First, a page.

I remember thinking last year that the highly praised drama “Downton Abbey” had tuckered itself out. Season 4 still had all the ingredients that made the miniseries an international hit: the semi-tragic and well-to-do Grantham family in their early 20th century manse, their semi-tragic and put-upon servants, the sly zingers delivered by imperious Maggie Smith as the dowager countess (sample: “There’s nothing simpler than avoiding people you don’t like. Avoiding one’s friends, that’s the real test.”).

Yet the plotlines were drab and disappointing. A promised romance between Grantham cousin Rose and an African-American jazz singer fizzled out. And the rape of maidservant Anna took the show out of the category of escapist costume drama and shocked viewers. “We writhed in our sofas, disbelieving and uncomfortable,” wrote Katy Rink in London’s Daily Telegraph.

And now the show is back for Season 5 (9 p.m. Sundays on PBS, starting Jan. 4).

To watch or not to watch, that is the question for any fan of a middle-aged series that appears to have lost its initial charm. But in the best tradition of British stiff upper lipedness, I watched the first two new episodes.

I admit I fell asleep for a spell early on, which never bodes well. But can you blame me? Dutiful characters dutifully displayed their personality traits: The Earl was still stuffy, Cora was wimpy, Carson the butler was curmudgeonly, Bates the butler was boring. ZZZZ.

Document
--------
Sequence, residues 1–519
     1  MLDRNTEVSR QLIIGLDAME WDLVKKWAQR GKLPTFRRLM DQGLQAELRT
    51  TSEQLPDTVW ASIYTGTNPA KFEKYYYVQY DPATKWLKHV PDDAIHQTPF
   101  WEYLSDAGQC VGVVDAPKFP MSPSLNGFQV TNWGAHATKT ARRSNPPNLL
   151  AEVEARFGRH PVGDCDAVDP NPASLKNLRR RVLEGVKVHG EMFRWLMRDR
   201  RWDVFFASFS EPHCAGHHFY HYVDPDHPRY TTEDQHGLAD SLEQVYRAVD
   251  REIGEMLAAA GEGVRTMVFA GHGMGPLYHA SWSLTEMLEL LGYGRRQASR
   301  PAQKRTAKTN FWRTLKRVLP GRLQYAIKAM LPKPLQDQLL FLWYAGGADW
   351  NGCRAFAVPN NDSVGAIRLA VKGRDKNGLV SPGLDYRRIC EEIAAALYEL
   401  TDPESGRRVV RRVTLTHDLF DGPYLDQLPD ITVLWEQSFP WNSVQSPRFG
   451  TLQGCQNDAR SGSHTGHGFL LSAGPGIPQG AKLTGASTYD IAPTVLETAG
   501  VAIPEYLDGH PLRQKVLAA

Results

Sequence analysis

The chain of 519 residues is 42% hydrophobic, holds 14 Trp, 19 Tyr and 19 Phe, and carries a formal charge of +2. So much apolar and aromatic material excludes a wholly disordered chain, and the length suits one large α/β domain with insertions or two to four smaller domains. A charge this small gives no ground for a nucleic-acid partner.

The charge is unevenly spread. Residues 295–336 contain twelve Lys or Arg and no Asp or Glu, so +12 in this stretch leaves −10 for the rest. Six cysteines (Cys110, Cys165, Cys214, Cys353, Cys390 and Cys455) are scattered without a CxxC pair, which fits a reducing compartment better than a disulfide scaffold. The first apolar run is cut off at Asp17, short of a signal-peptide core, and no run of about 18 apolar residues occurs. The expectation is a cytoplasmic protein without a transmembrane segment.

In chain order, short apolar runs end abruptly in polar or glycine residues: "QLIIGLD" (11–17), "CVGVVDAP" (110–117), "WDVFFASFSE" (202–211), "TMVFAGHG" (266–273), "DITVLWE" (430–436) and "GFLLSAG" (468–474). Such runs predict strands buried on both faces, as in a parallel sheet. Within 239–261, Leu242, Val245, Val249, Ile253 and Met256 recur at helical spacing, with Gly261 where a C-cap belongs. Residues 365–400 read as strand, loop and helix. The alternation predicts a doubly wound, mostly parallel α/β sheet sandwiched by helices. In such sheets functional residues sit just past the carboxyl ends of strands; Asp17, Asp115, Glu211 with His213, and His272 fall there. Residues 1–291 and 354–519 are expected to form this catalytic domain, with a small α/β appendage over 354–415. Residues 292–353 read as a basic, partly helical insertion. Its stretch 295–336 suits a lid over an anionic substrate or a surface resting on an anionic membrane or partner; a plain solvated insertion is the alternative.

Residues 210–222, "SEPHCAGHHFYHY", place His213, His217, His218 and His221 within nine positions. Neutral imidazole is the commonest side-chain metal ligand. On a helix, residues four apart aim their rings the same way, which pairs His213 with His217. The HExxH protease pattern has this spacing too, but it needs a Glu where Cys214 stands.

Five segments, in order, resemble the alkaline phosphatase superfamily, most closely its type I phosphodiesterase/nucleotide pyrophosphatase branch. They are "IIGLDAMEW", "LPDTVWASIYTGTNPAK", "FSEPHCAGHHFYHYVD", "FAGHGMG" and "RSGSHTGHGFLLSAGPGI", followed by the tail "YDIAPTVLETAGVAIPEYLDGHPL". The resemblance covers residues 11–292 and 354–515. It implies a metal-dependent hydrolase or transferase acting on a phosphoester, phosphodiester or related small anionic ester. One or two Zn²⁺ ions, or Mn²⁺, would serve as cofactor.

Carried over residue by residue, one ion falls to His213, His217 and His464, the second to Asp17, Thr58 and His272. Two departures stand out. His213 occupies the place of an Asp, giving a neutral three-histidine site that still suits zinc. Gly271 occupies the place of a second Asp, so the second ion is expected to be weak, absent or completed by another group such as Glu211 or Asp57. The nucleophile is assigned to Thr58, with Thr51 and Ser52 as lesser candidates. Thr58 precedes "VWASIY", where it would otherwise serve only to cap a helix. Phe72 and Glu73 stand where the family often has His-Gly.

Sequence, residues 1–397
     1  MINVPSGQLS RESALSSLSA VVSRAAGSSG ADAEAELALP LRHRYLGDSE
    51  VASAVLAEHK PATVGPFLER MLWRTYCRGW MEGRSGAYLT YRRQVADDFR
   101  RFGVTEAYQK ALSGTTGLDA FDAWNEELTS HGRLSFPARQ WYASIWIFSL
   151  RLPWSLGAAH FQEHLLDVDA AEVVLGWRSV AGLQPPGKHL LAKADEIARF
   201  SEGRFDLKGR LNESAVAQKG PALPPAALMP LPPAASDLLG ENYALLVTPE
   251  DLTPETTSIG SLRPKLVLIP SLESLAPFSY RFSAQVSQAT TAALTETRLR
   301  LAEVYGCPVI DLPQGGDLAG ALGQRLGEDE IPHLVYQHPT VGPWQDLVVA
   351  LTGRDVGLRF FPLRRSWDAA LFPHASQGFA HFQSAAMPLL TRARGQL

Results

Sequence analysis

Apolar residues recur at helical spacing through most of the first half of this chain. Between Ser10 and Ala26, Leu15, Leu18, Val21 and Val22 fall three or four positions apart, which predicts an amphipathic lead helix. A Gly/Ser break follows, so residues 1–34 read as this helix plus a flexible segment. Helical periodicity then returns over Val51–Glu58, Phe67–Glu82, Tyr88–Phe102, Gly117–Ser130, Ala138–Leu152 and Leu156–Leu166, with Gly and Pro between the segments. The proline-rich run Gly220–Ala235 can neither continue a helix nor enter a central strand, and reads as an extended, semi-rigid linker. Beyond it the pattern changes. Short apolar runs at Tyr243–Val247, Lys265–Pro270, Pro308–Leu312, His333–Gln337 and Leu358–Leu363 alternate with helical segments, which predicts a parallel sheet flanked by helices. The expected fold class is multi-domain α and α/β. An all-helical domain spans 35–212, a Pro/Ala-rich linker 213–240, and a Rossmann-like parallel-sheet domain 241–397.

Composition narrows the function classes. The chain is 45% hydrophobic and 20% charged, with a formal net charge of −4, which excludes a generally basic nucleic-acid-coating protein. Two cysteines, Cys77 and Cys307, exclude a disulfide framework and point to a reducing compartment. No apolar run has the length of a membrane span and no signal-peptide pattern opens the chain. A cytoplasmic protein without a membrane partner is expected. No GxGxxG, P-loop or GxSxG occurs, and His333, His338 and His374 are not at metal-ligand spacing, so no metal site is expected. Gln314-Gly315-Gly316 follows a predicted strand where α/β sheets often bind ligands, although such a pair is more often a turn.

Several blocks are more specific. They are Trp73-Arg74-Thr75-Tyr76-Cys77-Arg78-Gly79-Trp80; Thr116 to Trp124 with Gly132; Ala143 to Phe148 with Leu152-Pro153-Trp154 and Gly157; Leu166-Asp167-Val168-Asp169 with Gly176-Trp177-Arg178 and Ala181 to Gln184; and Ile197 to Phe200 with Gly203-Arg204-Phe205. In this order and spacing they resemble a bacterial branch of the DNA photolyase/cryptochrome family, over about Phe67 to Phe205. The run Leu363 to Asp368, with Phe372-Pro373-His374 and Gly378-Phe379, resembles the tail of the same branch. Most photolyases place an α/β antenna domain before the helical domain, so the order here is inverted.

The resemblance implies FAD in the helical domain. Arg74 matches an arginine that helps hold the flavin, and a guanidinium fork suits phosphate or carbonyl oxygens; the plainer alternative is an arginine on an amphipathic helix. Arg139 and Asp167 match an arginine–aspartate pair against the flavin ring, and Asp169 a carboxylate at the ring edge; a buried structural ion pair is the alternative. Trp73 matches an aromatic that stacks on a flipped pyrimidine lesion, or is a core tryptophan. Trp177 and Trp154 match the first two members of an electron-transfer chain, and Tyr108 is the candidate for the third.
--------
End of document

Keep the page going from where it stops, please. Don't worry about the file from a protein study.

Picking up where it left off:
But after a 10-minute nap, I awoke to a show that slowly began gathering strength, pushing its predictable characters into unpredictable situations.

Nervous lady’s maid Baxter confesses to Lady Cora about a secret in her past. Sounding rather like Sarah Koenig, host of the true crime podcast “Serial,” Cora is grateful for the info but observes: “There is missing information.” Perhaps an investigation will lend some much-needed edge to the simpering Cora.

Widowed daughter Mary is going to audition a lover with SEX IN A HOTEL ROOM after she dryly (or wryly?) tells him, “I do love you in my cold and unfeeling way.”

Feisty schoolmarm Miss Bunting shares her Marxist views with the Granthams, which seems to awaken the firebrand within chauffeur-turned-aristocratic-son-in-law-turned-widower Tom.

Best of all, family pet Isis, the Labrador from the opening credits, pops up in various scenes: rescued from the fire (oh, did I forget to mention the fire?) and flirted with by a visiting art scholar, though his real interest could be … Cora?

“Downton Abbey,” I daresay you have unjumped the shark.

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